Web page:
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Brenda Holloway in a blue sequined top looking at the camera

Born and raised in the Watts projects of Los Angeles, Brenda Holloway is a gifted singer songwriter and violinist. She began singing in her church choir and took up playing the violin. With such a dynamic range and depth, Berry Gordy was impressed and signed Brenda to Motown aged 17.

Said to be the female face of Motown when Mary Wells left the label in 1964, Brenda's debut was a second recording of 'Every Little Bit Hurts'. She was one of the few acts to write her own songs.

In 1969, Brenda won a lawsuit against Berry Gordy for the rights 'You've Made Me So Very Happy', she was the third singer in short time-after Mary Wells and Kim Weston -who successfully took legal action against Motown.

The Artistry of Brenda Holloway, was released in 1968, the year she announced her retirement from the music business. She later married a minister and raised three daughters, returning to music in 1980 with the gospel album Brand New. Holloway's records remained popular on England's "Northern soul" scene.

Richard Dedeaux, Father Amde Hamilton, and Otis O'Solomon

Rapid-fire, spoken-word, jazz and funk - The Watts Prophets released two albums, 1969's The Black Voices: On the Streets in Watts and 1971's Rappin' Black in a White World.

Revolutionary poets, Richard Dedeaux, Father Amde Hamilton, and Otis O'Solomon initially formed in the 1960s, collaborating at the Watts Writers Workshop, created by Budd Schulberg. This was two years after the 195 Watts Riots, the cultural movement was being to take shape.

Combining poetry, music, and activism, the group were instrumental in developing the hip-hop genre, and their influence can be felt today.

A prominent figure, well-loved beat maker, producer, SP- 303 goes on! Dibia$e is a true individual, pushing boundaries and experimenting in such a raw and innovative way.

What does making a beat mean to you?

Making a beat is another way of communicating to me. A lot of times people may overlook what I have to say, but when I press play on that beat I can get your attention. Whether it’s at a beat battle, performance or an instrumental album it’s whatever mood I’m in. It’s easier to express myself with the music especially since I’m more a lowkey person in general.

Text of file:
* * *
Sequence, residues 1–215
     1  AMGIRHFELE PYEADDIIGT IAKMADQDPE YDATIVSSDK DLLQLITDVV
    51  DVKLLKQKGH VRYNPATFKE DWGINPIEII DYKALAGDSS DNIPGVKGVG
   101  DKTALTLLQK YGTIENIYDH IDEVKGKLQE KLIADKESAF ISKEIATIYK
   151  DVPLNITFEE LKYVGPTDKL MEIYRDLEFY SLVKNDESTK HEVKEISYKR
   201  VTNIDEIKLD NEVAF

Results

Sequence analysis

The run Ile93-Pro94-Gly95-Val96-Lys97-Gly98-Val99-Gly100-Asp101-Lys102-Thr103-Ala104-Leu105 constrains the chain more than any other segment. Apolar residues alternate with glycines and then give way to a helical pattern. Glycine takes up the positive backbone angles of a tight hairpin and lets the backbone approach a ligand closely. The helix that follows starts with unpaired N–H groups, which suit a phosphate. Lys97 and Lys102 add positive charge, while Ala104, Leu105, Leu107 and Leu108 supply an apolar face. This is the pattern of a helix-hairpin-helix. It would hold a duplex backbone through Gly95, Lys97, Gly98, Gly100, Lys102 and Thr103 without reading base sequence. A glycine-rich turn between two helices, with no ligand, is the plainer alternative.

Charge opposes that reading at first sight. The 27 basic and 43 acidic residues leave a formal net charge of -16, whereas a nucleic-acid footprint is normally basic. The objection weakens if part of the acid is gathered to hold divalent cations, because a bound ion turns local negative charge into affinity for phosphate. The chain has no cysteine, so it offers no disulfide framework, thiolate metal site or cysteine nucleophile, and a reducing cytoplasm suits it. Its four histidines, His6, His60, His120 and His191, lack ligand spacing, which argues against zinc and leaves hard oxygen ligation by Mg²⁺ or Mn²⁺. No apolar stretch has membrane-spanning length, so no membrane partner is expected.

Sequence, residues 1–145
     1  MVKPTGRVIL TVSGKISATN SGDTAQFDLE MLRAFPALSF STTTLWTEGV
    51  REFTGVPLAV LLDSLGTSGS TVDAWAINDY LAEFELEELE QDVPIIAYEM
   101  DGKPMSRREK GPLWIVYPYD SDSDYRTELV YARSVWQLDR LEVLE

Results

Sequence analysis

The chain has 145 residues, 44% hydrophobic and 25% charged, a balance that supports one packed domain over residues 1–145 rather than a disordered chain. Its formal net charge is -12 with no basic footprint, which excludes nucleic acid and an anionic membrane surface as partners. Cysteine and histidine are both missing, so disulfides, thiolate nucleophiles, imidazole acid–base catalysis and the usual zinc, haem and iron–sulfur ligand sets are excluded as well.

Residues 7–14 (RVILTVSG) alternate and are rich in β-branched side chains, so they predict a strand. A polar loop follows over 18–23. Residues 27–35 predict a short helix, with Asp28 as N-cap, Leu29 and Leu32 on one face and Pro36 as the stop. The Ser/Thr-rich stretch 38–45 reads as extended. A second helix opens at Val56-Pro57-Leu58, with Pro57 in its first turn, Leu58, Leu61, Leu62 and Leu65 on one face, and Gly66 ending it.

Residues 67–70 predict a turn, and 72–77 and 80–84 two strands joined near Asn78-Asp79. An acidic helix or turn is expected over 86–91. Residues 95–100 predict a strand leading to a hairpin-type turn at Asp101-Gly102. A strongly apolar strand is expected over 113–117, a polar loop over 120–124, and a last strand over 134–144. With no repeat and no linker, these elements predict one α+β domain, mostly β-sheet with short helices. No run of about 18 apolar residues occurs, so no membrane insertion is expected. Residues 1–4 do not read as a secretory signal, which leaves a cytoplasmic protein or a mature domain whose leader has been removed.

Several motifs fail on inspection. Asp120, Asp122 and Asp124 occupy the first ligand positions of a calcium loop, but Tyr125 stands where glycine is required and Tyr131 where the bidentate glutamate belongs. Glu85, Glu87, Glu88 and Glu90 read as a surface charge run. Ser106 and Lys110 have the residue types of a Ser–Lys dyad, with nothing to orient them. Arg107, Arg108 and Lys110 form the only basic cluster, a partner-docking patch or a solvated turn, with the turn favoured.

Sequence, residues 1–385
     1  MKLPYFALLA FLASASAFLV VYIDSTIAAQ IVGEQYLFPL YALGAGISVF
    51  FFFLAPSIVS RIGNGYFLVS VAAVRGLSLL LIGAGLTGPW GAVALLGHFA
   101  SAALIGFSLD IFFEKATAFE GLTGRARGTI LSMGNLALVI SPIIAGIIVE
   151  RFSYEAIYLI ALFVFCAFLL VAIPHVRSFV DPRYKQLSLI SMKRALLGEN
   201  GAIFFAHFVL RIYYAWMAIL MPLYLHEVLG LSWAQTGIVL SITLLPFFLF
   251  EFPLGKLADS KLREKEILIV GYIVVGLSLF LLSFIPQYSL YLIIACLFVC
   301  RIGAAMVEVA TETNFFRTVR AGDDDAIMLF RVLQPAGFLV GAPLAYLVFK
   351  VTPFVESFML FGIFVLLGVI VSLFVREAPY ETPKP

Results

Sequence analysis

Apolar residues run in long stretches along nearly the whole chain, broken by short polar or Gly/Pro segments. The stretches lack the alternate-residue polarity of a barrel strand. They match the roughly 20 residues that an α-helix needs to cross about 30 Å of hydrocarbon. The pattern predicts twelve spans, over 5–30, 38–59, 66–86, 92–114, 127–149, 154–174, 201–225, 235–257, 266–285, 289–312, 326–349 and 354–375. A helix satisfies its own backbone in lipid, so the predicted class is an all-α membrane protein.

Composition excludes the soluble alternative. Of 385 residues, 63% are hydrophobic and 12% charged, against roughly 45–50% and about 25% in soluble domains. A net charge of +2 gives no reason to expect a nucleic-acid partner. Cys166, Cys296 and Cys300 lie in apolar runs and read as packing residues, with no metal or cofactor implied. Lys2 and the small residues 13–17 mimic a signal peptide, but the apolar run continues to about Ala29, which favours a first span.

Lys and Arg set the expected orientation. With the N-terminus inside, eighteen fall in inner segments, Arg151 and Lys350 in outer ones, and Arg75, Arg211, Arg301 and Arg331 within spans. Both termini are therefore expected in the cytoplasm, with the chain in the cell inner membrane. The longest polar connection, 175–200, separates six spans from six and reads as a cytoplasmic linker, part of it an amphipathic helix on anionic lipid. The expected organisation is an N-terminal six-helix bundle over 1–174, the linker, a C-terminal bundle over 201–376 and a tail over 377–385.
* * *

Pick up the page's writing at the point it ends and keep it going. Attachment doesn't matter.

Can you share how your foundations have shaped your love for music?

My foundations started with my grandfather's Jazz collection and my uncle’s soul collection. Also my mother would play a lot of 80’s r&b when I was a kid. So all that was ingrained into my memory. Also playing a lot of Nintendo that music stuck with me as well. 

Growing up in watts especially in the 80’s and 90’s was tough. I had to find things that entertained me constructively very early. Once I got equipment I was consumed with learning that if I wasn’t playing basketball. Plus when I would play beats at the court they used to call me mad scientist jokingly because I was into more underground sounding hip hop. 

What led to making music was probably going to goodlife cafe and Unity . Seeing the  freestyle dance cyphers had me wanting to make beats that hopefully dancers would session to.

To create in the sunlight or in moonlight?

I have no preference now. But more daytime creating I can’t really do the all night cooks up like I did when I was younger.

I can cook up beats pretty much anywhere. Sometimes I’ll make beats at Panera bread or at my daughter’s school in the lunch room while she’s in dance class. Sometimes I cook up at the park with the view of a river out here in Sacramento. That’s the plus of having a portable set up nowadays.

Do you have any wisdom to share in general?

Don’t be afraid to experiment. Starting out with MPC 2000 as my first serious sampler. I kinda had that mindset of hardware only for years. Until I messed with software many years later. Once I combined both worlds together it opened more pathways to creativity more personally.

I know some people go by that saying if it’s not broke don’t fix it mentality when it comes to creating, but I can’t fall in love with one workflow. If I hit a creative block I’ll try a different combo of gear and software and snap out of it. I’m not saying learn a million and one gadgets lol, but I recommend learning one hardware and one software. Don’t worry about the learning curve so much it’s not bad as you think starting out. 

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